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Solitary Confinement Without a Reason

Nick Englehart

Posted on April 13, 2020 20:09

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Life is much worse for 61,000 Americans every day. Their humanity is hidden behind their crimes.

    You’re going a little crazy, aren’t you? I’m going a little crazy and I’m used to it. I spent five months unemployed. The difference now is that I don’t have the option to stop. You don’t have the option to, either. You could have complete financial security, a beautiful mansion, an incredible family, and you still might find yourself clawing at a window or waving to a squirrel. Just look at any celebrity. So imagine how you feel, surrounded by your loved ones, surrounded by almost unlimited things to do, surrounded by freedom -- and then imagine what it's like in solitary confinement. 

    At least 61,000 people are held in solitary confinement across the United States on any given day. During that time they spend around 23 hours in a possibly windowless 8 by 10 cell. They are given one hour a day of exercise in a similar-sized cage that happens to be outdoors. Some people are held in solitary confinement for up to forty years. 

    The practice was reborn in the 1980's. Politicians attempting to be tough on crime, and find a way to control criminal behavior, to make prisons safer advocated for solitary confinement. Their reasoning was not factually based. A large study out of the University of Cincinnati found no evidence of any effect of solitary on subsequent violent misbehavior.

    Solitary confinement is considered a form of torture by the United Nations. A form of torture that takes its toll mentally. The hippocampus, the part of the brain relating to learning, memory, and spatial awareness literally shrinks. Robert King, an ex-inmate who spent 29 years in solitary reported that after his release he couldn’t remember faces, directions, or places. He had to “retrain his eyes to learn what a face was like.”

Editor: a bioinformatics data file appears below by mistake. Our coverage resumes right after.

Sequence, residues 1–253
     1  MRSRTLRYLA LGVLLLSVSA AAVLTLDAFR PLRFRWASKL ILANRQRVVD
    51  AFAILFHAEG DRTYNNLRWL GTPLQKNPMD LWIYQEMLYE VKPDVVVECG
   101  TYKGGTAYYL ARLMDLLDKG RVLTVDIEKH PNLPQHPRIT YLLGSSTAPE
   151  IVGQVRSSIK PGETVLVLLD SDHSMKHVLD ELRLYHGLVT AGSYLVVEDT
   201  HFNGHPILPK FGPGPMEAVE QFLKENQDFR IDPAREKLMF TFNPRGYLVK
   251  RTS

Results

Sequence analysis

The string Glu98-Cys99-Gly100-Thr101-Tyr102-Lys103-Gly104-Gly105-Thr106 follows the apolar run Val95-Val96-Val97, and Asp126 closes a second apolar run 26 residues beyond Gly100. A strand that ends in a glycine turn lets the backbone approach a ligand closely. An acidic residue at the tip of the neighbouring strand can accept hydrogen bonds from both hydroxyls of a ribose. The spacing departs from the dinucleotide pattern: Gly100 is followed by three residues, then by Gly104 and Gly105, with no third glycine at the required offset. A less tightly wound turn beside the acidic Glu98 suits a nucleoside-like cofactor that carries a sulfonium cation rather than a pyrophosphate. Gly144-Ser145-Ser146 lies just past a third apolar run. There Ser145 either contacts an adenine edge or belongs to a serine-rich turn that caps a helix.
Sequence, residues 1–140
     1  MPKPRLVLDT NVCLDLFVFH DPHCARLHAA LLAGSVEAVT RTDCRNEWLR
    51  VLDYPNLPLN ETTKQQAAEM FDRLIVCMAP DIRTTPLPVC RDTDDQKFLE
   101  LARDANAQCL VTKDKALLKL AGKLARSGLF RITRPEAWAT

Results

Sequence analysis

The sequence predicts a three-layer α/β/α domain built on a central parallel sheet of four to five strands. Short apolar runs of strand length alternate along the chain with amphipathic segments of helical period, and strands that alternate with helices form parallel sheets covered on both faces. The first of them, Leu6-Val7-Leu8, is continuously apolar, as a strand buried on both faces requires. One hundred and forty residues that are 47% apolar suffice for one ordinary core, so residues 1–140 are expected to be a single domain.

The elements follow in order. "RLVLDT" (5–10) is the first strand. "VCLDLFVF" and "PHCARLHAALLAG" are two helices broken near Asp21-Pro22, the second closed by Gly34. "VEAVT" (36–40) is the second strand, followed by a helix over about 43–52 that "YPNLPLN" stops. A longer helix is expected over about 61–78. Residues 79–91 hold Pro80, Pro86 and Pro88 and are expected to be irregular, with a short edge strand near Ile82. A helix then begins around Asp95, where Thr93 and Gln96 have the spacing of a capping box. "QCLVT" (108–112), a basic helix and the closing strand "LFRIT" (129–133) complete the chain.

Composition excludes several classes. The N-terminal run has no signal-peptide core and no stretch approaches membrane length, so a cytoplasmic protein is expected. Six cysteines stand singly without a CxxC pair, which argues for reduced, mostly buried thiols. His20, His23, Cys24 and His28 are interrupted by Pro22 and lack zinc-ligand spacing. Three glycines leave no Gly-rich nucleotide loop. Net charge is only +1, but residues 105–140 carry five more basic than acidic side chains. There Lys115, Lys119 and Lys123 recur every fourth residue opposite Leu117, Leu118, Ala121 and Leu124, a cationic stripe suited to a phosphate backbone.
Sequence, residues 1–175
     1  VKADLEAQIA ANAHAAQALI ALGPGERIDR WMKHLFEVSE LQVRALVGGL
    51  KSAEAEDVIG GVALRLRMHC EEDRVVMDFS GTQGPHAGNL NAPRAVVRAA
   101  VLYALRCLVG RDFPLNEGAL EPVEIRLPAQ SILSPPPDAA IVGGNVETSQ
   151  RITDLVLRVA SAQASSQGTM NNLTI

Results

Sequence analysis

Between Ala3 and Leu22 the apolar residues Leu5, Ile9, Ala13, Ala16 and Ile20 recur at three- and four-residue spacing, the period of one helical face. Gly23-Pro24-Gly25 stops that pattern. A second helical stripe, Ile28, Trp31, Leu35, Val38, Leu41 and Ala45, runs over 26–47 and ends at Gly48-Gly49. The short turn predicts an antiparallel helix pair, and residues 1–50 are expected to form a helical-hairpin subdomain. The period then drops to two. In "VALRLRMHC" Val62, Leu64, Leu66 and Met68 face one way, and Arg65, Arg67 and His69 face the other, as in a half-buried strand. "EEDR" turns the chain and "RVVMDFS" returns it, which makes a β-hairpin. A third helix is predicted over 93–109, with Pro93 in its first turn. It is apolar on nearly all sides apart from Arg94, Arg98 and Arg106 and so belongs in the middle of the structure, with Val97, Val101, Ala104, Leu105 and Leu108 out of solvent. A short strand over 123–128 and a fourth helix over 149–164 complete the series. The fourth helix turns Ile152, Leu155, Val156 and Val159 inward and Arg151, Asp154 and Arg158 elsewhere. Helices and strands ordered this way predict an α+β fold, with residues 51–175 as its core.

This isn’t a simple federal regulatory fix either. In 2016 President Obama redefined the use of solitary confinement. He banned its usage for persons under 18 and limited its use on adults. However, this only applies to federal prisons, 10% of current facilities. States like California and North Dakota have done what they can, but private prisons often find loopholes to ignore any change. 

The Supreme Court has stated that what counts as “cruel and unusual punishment” in the Eighth Amendment must “draw its meaning from the evolving standards of decency that mark the progress of a maturing society.” Luckily for us, we get to decide what a maturing society means. We get to decide if we want to torture people who have committed a crime, or if we want to rehabilitate them. We get to decide how we treat people. They may have committed a crime, but that doesn’t mean we get to take away their humanity. 

Nick Englehart

Posted on April 13, 2020 20:09

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Source: NPR
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